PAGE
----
Chants of “Shame on NBC” and “Antisemitism isn’t funny” rang out in front of NBC Studios in Manhattan on Saturday night, as protesters gathered in response to what organizers called an anti-Semitic joke made by Saturday Night Live cast member Michael Che made on the show one week ago.
“Anti-Semitism is not funny,” chanted protesters, who are demanding an apology from NBC for disseminating a series of anti-Semitic jokes, the most recent one being on SNL last week.
NBC and Michael Che have been facing backlash for a joke the comedian told last week on SNL, in which he said, “Israel is reporting that they’ve vaccinated half of their population. I’m going to guess it’s the Jewish half.”
Critics have slammed Che for his remarks, calling the joke anti-Semitic.
“The truth is that the Arab population of the state of Israel has received the vaccine no different from the rest of the population. That is a fact,” said former New York State Assemblyman and founder of Americans Against Antisemitism (AAA) Dov Hikind, who led the protest on Saturday.
Hikind went on to say that NBC’s behavior is part of what causes hate against Jews, adding that by promulgating such content, the broadcasting company is promoting a stereotype about Jews that “anti-Semites are selling all over the world.”
“The whole idea that we Jews don’t care for anybody, [that] we’re not interested in anybody except fellow Jews, that is so not true,” said Hikind. “But that’s what the anti-Semites want you to believe. That’s what the anti-Semites are selling all over the world.”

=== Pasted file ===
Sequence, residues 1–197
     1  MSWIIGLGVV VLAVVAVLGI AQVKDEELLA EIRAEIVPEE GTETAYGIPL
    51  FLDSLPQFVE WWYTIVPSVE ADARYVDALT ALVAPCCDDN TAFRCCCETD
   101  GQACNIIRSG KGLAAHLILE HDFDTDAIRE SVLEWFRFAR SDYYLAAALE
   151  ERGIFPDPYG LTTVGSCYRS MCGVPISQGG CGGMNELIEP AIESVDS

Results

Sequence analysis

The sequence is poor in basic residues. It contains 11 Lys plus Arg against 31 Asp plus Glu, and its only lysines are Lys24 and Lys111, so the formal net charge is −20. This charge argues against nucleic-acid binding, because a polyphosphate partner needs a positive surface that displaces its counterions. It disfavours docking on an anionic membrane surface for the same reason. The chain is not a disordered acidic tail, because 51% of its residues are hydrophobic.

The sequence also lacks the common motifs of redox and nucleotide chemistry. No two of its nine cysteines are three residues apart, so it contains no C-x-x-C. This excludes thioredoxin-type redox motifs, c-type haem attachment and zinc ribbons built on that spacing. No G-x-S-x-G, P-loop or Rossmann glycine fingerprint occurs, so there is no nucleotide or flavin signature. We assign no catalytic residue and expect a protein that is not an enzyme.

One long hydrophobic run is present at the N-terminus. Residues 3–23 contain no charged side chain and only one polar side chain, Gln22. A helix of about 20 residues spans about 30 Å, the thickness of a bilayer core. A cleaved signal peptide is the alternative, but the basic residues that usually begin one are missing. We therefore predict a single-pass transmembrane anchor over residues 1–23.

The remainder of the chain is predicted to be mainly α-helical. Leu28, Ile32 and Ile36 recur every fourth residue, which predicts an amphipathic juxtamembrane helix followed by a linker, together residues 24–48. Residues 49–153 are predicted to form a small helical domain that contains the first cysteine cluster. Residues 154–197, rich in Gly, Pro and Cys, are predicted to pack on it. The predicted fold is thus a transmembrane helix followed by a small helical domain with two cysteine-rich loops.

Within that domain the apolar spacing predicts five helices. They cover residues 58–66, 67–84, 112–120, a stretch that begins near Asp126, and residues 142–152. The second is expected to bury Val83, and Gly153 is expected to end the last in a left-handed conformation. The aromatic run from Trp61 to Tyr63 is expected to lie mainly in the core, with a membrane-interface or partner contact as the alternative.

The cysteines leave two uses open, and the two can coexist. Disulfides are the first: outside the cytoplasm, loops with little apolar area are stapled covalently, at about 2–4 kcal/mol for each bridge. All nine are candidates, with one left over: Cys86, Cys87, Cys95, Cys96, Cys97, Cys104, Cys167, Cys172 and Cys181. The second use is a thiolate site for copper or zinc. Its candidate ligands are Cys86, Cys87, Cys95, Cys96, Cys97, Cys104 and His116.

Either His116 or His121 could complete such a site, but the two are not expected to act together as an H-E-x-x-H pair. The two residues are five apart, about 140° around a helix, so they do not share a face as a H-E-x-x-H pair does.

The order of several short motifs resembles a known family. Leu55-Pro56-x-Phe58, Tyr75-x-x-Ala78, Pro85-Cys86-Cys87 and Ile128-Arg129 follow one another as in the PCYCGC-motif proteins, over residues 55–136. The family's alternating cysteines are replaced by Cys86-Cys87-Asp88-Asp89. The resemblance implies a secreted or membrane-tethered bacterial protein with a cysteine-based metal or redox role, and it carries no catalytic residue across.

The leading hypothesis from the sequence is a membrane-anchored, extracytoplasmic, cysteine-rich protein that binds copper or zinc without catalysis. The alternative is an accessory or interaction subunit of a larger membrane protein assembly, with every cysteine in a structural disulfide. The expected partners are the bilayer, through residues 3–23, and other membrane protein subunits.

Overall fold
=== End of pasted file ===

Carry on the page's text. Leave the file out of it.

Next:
“And to have a major network, right here in our country, right here in New York, being part of that, creating that anti-Semitic stereotype,” Hikind added.
Protesters also called out NBC for another anti-Semitic joke told by Che last year, in which the comedian made light of a pageant website for “Miss Hitler” being shut down, adding that the winner for the contest was “Miss Israel.”
NBC has also fallen under heavy fire for another incident in which a resurfaced scene of Nurses shows a Hasidic patient refusing a bone graft from a “goyim” — the Yiddish word for a non-Jewish person.
A video clip of the scene was circulated and scrutinized on Twitter, as social media users and Jewish organizations pointed out its inaccuracies, and blasted the scene as anti-Semitic. NBC reacted to the criticism by pulling the episode.